Your Questions, Our Answers
Q. My friend was up and walking shortly after his knee replacement. Will I be able to do the same when I have my knee replaced?
A: Yes, you will be up and moving right after your joint replacement. A physical therapist will have you walking the same afternoon as your surgery. At OHSU orthopaedics, we use rapid recovery protocols, so getting moving quickly is important. The other key is reducing or avoiding the use of opiates. Instead, we use a variety of other medications to reduce swelling and pain. By following these two methods, data show people have fewer problems and get back to their normal lives quicker. Many joint replacement patients go home the same day as the surgery with an at-home exercise plan. Knee patients start physical therapy about a week after surgery. Most of the healing happens within three months, however, you may continue to improve for up to a year after surgery.
Q. Our daughter was born with a strawberry birthmark. Should we see a doctor about it and when?
A: Early treatment is key. The sooner we treat these birthmarks (hemangiomas), the better the results. Though we don’t know what causes them, these red birthmarks usually need treatment, especially when on the face or neck. They can grow a lot in the first six months of life and cause lasting changes in the skin. With early treatment, we can keep hemangiomas from getting bigger and make them fade faster. Unfortunately, I often see babies after the birthmark has grown significantly, because parents didn’t know how important it is to seek early treatment. Though the color will fade over time, the skin is never normal where the hemangioma grew. As soon as you discover the birthmark, plan to meet with a pediatric dermatologist or an ear, nose and throat specialist for guidance. At OHSU Doernbecher, we have both types of specialists working together in the Hemangioma and Vascular Birthmarks Clinic.
Coming soon to Tuality Healthcare, we will have pediatric ENT specialists performing outpatient surgery with a pediatric team of nurses, anesthesiologists and surgeons.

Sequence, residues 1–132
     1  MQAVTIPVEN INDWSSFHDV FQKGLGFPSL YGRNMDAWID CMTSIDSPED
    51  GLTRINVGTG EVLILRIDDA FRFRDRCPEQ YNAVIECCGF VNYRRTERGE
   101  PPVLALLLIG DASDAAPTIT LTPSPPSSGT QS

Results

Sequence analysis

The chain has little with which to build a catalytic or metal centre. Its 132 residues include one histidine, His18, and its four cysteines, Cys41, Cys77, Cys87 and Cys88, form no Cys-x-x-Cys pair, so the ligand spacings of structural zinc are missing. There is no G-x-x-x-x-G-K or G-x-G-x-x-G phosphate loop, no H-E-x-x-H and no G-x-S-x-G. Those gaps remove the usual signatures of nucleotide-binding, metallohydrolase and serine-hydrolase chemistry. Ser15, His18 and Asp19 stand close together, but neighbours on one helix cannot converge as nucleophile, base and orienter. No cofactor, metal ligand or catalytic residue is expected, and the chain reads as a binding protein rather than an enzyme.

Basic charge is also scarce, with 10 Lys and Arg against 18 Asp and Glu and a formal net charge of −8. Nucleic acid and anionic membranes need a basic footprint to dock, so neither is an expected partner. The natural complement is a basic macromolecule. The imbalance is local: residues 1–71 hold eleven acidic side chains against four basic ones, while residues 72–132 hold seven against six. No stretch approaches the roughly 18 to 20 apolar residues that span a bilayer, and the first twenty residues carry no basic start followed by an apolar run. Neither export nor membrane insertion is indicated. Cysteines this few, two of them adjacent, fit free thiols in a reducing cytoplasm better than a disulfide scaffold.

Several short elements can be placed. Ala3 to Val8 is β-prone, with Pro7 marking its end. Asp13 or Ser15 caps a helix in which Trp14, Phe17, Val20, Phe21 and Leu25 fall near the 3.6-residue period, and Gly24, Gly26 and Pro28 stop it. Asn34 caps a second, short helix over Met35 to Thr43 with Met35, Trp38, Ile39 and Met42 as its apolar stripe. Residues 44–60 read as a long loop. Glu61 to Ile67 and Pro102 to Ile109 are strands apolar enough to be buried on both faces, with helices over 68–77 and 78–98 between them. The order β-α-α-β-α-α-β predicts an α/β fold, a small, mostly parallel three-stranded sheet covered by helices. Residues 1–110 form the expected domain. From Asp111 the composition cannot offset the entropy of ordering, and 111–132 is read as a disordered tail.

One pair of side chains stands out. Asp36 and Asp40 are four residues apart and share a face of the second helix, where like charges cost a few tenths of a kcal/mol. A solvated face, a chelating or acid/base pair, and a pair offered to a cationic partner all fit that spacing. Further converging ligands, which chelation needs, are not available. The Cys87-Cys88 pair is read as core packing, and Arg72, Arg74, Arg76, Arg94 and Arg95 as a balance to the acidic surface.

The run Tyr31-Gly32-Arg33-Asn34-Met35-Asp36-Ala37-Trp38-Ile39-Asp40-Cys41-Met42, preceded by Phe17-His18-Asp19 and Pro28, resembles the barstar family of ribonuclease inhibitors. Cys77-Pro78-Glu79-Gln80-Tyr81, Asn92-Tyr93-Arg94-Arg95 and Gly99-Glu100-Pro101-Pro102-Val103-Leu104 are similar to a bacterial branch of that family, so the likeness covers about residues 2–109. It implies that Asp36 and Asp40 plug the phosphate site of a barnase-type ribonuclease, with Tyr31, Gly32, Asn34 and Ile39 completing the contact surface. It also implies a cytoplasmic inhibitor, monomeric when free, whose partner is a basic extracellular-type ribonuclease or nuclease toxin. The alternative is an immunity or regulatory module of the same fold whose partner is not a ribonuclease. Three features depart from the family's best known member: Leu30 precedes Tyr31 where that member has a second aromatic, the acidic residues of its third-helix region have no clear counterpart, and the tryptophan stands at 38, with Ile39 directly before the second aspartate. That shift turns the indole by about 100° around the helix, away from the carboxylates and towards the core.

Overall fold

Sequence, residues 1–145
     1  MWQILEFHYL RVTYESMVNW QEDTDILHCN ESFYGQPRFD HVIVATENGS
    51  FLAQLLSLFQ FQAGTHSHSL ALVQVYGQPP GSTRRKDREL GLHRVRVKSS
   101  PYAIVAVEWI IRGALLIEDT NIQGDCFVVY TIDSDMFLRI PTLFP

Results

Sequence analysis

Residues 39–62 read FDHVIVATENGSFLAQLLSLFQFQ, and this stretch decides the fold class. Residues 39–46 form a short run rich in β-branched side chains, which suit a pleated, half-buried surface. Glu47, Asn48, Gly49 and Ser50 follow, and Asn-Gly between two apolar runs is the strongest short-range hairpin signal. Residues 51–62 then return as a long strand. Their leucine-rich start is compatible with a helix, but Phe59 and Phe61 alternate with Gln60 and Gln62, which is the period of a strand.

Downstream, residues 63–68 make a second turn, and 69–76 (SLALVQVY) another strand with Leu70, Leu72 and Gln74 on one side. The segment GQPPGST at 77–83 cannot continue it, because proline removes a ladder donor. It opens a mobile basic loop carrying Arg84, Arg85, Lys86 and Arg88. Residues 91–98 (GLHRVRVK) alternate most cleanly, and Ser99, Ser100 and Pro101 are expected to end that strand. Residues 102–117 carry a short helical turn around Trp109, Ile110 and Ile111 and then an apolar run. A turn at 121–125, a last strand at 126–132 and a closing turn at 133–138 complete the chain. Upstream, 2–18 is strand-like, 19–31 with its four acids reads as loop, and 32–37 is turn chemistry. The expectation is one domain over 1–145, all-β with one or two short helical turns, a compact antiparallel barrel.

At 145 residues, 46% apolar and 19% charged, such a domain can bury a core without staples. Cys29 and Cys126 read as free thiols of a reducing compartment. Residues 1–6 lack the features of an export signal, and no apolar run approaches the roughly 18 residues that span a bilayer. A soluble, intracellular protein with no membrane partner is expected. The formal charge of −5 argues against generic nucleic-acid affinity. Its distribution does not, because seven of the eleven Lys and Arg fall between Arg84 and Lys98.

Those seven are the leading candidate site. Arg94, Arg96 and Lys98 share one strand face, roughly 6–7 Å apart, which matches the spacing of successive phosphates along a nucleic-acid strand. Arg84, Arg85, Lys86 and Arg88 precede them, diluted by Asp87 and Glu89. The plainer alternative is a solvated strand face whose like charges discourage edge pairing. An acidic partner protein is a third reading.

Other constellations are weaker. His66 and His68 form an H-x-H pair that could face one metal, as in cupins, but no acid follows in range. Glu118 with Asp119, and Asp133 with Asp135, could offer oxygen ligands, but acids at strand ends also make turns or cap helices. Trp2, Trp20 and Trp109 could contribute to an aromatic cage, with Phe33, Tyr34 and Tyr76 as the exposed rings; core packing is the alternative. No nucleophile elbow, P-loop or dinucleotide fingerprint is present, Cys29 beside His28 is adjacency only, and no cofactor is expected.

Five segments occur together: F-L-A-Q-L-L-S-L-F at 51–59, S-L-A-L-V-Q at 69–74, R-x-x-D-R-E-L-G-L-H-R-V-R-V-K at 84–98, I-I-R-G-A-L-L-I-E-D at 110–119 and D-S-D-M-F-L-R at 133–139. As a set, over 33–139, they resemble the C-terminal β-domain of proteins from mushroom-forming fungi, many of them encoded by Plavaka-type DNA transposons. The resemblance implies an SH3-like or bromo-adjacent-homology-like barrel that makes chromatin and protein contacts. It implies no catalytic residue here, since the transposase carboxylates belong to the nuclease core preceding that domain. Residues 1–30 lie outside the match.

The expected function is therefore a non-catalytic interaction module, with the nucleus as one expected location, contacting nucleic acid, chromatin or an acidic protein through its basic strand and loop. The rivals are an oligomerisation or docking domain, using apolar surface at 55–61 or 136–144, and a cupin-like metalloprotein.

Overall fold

Q. I’ve started having hot flashes and I’m miserable! Is there anything I can do?
A: Yes, there are medical and lifestyle options to improve hot flashes. About 80 percent of women have hot flashes and night sweats in the four years or so before menopause, and some women will have these symptoms long after their periods have stopped. Each woman has to decide how much intervention she needs for daily comfort and function. For some, loose clothing, exercise and a fan at the ready are enough. For others, we can prescribe estrogen therapy, which will stop hot flashes within about three weeks. There are some other prescription alternatives that can also help. Other common symptoms of menopause include sleep and mood disturbance, vaginal dryness and low libido. Just know that you don’t need to suffer. If any of these symptoms are negatively impacting your life, speak to your health care provider. At OHSU, we have the Menopause and Sexual Medicine program to address multiple issues.
Q. Who should see a preventive cardiologist?
A: Heart disease is the leading cause of death and certain people are more at risk than others. A preventive cardiologist can identify your risk for a heart attack and suggest the right plan for managing that risk. Some people have risk factors at a younger age, but any man over 55 and woman over 60 will benefit from an expert evaluation to avoid a cardiac event. Also, anybody who has already survived one heart attack or stroke should be seen to help avoid a second one. Preventive visits include a review of family history, blood tests, nutrition advice and, in some cases, imaging tests. Preventive cardiology is a specialized service not available everywhere. OHSU Center for Preventive Cardiology is accepting new patients.
Q. I got a notice that I’m due for a cervical cancer screening. Why do I need that?
A: We recommend that women over 21 get tested periodically for cervical cancer because it is a type of cancer that doesn’t have symptoms until the disease is advanced. Importantly, it is a type of cancer that we can prevent. We can reliably catch precancers with swab tests – Pap and HPV – and resolve them with less traumatic treatment than if the disease progresses. Current guidelines recommend that women ages 21-29 get a Pap test every three years. Women ages 30-64 should get the same, or a co-test of Pap/HPV every five years. HPV is very common in the population now, and we know it is a driver for causing cervical cancer. If you have a positive HPV status, your provider will follow you more closely and may recommend additional testing.
Q. As a parent, what should I know about vaping among children and teens?
A: Recent reports show a worrying increase in vaping among youth, with about one-fifth of high schoolers now vaping. By law, vaping (using a device to breathe in flavored products that usually contain nicotine) is restricted to people over 18 years old, but that hasn’t stopped curious teens. Youth, and even parents, often view vaping as having no health consequences and as safer than cigarettes. However, vaped nicotine can be addictive, especially for teens, whose brains are still developing. The aerosols also contain toxins, such as metals and formaldehyde, which may have as-yet unknown effects. Vaping fluids come in delicious-sounding flavors such as mango and crème brulee, avoiding the tobacco smell, making it easier to avoid detection by parents and teachers. One popular type of vaping device (Juul) looks like a thumb drive, not a cigarette. Parents should inform children about how unhealthy and addictive vaping is and that it is not harmless.